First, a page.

If you are one of those that never leaves a restaurant without checking the dessert menu, this one’s for you. Also if your staples are the laddoos, kheers and Gulab Jamuns of the world, lord knows how you’re going to react to a Shondesh or Lobongo Latika, when you try one.
From syrupy, dry, to semi-syrupy, the renditions in Khoya, Nolen Gur, Chana, and what have you, add a whole new dimension to desserts and the way they are had. Back in Kolkata, unless the mishti doi pots arrive post a platter of macher jhol and bhat, the meal is most definitely incomplete. Mishti, for Bongs, hardly has a celebratory connotation, it can be had anytime, post meal, like an evening snack with tea, when guests arrive, or simply by sneaking a couple of bites straight off the refrigerator when no one’s watching.
Introducing the mishtis that make a true blue Bong tick
This heavenly spongy sweet, pearl white in colour and swimming over a sweet syrup is the pride of every Bengali, and even Odia. Of contradictory claims by both states, one believing that it was first served as bhog to goddess Lakshmi at Jagannath Temple, Puri, while the other tracing it back to 1868 to a Kolkata-based confectioner by the name of Nobin Chandra Das who started making rosogolla with a mixture of chana (cottage cheese) and semolina dough in boiling sugar syrup at his sweet shop in the present day Baghbazar, rosogolla is at the heart of sweet-eating in the East.
2. Nolen Gurer Sondesh
If you think chanar Sondesh is a delicacy, wait until you try out the Nolen Gur version. For the uninitiated, Nolen Gurer Sondesh loosely translates into cottage cheese fudge with date palm jaggery and is ubiquitous at Bong weddings, Kali puja (Diwali) and as prasad at Durga puja. To make this Sondesh, you need to boil milk until it curdles and turns into chana. Further knead the chana with the heel of your palm and add the Nolen Gur and kead some more till it forms a homogeneous mixture. Stir the mix in a non-stick pan over low heat, and put them inside molds. Serve warm or at room temperature.
3. Mishti doi
Mishti doi is basically sweetened yoghurt that makes up for a perfect last course. Bengali homes are known to stock mishti doi in earthen urns and pull them out for large Sunday meals, or when friends come over to dine. Unlike the usual dessert, mishti toi has an extremely creamy texture owing to the caramelised sugar that is added to the boiling milk. Set overnight and served chilled, this dessert brings a smile on every Bong’s face.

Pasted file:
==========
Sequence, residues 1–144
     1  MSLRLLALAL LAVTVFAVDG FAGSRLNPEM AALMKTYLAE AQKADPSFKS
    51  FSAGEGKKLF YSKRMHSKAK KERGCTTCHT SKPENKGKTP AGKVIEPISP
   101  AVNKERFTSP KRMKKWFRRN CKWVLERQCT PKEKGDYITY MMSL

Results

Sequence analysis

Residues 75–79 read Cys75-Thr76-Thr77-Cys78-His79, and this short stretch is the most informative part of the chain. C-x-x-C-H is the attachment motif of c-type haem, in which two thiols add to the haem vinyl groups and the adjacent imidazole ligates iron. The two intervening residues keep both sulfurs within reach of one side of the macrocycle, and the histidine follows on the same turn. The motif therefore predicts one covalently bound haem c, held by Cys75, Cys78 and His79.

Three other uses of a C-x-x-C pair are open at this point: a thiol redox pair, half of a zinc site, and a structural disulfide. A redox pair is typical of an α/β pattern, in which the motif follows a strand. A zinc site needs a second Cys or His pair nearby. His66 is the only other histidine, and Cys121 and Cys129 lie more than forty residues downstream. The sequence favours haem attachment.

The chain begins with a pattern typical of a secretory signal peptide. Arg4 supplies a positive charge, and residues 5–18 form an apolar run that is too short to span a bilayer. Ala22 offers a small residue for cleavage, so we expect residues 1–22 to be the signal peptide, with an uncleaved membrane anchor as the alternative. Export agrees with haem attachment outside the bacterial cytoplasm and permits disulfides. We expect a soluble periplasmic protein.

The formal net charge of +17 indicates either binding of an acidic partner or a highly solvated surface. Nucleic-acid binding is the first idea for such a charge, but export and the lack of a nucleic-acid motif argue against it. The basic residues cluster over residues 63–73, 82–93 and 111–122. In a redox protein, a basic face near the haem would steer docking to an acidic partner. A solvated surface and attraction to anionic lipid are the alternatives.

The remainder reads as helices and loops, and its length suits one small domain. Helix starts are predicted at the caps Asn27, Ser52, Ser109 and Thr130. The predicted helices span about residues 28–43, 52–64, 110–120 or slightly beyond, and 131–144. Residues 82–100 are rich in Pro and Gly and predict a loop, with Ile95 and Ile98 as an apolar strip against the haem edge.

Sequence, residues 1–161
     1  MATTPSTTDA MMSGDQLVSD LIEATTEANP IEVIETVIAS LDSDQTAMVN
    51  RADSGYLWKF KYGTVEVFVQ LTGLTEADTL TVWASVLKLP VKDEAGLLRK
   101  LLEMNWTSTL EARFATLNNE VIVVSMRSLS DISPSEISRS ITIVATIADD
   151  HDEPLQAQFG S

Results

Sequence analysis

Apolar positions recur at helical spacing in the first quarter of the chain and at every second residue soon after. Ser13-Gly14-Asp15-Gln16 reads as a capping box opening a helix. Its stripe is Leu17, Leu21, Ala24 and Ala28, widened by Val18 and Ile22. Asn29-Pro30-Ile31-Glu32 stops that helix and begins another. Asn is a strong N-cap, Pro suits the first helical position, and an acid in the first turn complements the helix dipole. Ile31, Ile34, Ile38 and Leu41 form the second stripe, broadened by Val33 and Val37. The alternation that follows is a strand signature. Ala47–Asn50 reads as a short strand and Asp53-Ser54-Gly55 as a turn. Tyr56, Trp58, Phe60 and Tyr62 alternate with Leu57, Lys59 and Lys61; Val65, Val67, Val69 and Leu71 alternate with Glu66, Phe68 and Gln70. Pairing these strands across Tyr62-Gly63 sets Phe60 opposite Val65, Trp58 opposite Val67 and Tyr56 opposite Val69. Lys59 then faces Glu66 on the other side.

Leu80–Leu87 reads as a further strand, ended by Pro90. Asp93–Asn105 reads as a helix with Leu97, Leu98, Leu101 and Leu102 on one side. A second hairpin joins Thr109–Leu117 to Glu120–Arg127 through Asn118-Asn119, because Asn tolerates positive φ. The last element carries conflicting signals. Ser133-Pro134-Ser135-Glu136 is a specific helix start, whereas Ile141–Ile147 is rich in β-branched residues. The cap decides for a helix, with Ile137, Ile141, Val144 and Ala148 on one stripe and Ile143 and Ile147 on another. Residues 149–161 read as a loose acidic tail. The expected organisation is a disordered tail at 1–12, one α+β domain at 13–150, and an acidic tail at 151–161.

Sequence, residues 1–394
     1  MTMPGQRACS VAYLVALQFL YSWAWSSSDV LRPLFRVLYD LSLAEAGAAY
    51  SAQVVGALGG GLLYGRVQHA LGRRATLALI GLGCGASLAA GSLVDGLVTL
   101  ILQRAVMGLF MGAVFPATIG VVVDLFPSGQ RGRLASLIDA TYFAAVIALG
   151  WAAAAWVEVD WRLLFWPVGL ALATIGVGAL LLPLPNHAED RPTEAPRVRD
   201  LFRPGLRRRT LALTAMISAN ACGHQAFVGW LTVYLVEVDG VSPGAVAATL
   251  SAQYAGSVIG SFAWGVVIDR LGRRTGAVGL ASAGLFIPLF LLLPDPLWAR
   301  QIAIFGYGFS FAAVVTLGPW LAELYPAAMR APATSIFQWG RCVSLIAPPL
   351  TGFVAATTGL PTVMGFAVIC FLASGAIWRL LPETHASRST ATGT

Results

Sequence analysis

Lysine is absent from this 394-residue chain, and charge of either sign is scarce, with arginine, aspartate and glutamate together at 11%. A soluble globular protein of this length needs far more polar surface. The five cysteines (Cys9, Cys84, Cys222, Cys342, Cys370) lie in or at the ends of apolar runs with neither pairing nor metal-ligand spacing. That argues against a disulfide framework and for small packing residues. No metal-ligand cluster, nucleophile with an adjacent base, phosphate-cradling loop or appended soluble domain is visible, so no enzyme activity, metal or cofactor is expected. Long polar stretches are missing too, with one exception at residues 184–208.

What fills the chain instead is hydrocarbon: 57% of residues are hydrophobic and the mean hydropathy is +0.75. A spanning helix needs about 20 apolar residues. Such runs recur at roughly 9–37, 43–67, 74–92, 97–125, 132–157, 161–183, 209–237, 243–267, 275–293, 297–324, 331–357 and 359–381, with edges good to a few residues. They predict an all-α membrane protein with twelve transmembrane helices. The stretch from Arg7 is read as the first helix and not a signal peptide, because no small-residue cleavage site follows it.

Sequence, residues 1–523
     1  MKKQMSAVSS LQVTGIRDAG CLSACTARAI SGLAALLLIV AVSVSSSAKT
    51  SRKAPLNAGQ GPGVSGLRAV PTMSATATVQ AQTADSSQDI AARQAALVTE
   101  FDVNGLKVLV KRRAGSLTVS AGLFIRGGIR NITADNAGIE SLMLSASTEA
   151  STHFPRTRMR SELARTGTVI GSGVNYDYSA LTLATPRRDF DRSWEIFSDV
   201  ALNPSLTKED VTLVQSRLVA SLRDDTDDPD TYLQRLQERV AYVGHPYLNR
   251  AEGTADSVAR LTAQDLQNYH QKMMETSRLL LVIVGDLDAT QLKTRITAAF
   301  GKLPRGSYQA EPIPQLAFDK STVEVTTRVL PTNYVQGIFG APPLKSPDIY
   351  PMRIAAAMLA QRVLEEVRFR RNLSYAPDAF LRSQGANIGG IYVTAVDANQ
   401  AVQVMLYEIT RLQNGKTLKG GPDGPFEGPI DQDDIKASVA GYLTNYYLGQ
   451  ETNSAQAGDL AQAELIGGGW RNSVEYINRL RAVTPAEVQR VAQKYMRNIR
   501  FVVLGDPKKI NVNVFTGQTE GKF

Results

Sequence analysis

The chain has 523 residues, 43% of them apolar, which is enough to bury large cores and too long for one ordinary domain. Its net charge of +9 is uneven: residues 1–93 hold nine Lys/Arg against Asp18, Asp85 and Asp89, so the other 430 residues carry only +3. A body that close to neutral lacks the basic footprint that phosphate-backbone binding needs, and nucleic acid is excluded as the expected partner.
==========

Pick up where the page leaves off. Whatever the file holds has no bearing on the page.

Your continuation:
4. Kalo Jaam
Kalo Jaam is a delicacy from the word go. With a dark black husk and a soft, gooey inside, one bite into Kalo Jaam can instantly convert you. This too is a chana (cottage cheese) based dessert that is semi-syrupy, typically made from milk solids and sugar. If you haven’t tried this before, make sure you ask for one the next time you visit your friendly neighbourhood Bengali sweet shop.
5. Gurer Paayesh
Basically rice pudding with date palm jaggery, Gurer Paayesh has a special connotation in a Bong’s life. Every birthday will have a ma, pishima (mom, father’s sister) make one and you cannot leave home before having it. This rice pudding infused with palm jaggery which adds a texture and richness to the everyday paayesh, kheer if you like, lifts the taste to a whole new level. It’s common to find Gurer Paayesh in the Durga Puja bhog lunch. Ask you Bong friends if they leave the table before tackling this sumptuous rice dessert no matter how pressed for time they might be.
6. Raj Bhog
A chana-based dumpling flavoured with saffron and rose essence swimming in a sweet syrup, is an absolute treat, and quite a meal on its own. You can call it another version of Rosogolla, which is often bigger in size and comes with a stuffing of dry fruits such as pistachio and almonds, or mawa. Like Rosogolla, Raj Bhogs too are soft and spongy, and a perfect way to bring in festivities.
This is the Bengali equivalent of Boondi Ka Laddoo which uses cashew nuts, raisins among other dry fruits, khoya or mawa, ghee and milk powder. Making this is quite an elaborate procedure. Boondi Ka Laddoo is otherwise a common offering at Ganapati puja. You will love this Bong version too, there is no doubt about it.
8. Lobongo Lotika
Bong’s love making this sweet at home and then pin the center with a clove. The procedure is so intricate, just as intricate and subtle as the taste of this unique sweet dish. The stuffing of a Lobongo Lotika can vary from coconut and Nolen Gur to Khoya or Chana. The flour pastry is rolled thin and stuffed and secured with a clove before deep frying in sugar syrup. Try a Lobongo Lotika the next time you miss the Holi-wala Gujjiya.
A traditional Bong pancake recipe with a stuffing of coconut and Nolen Gur or khoya. Patishapta is a special occasion sweet made on Bengali new year (Noboborsho) or Sankranti. You know Patishapta is being made in the kitchen from the aroma the moment you enter the house. If pancakes are your thing, the Patishapta will come as a magical invention.
Langcha originates from the Shaktigarh district in Burduwan. Langcha uses sweetened milk power, heavy cream, flour, ghee, cardamom, and oil for frying. The Langcha attains a gorgeous brown colour after it is fried in oil. An absolute must-have.
11. Kheer Kadam
Kheer Kadam is like a saffron-flavoured Rosogolla that has a stuffing of soft khoya and a coating of coconut and roasted chana. It is also popularly referred to as Khoya Kadam or Kheer Kadam.
12. Kolar Bora
Basically banana fritters that make for a perfect tea-time snack. To Bongs, it doesn’t call for any special occasion to rustle this sweet dish up. However, they are popularly made during Sankranti and Janmashtami, and served to guests. Ripe banana, some flour, sugar and ghee is everything you need to put this dish together.
Join the Conversation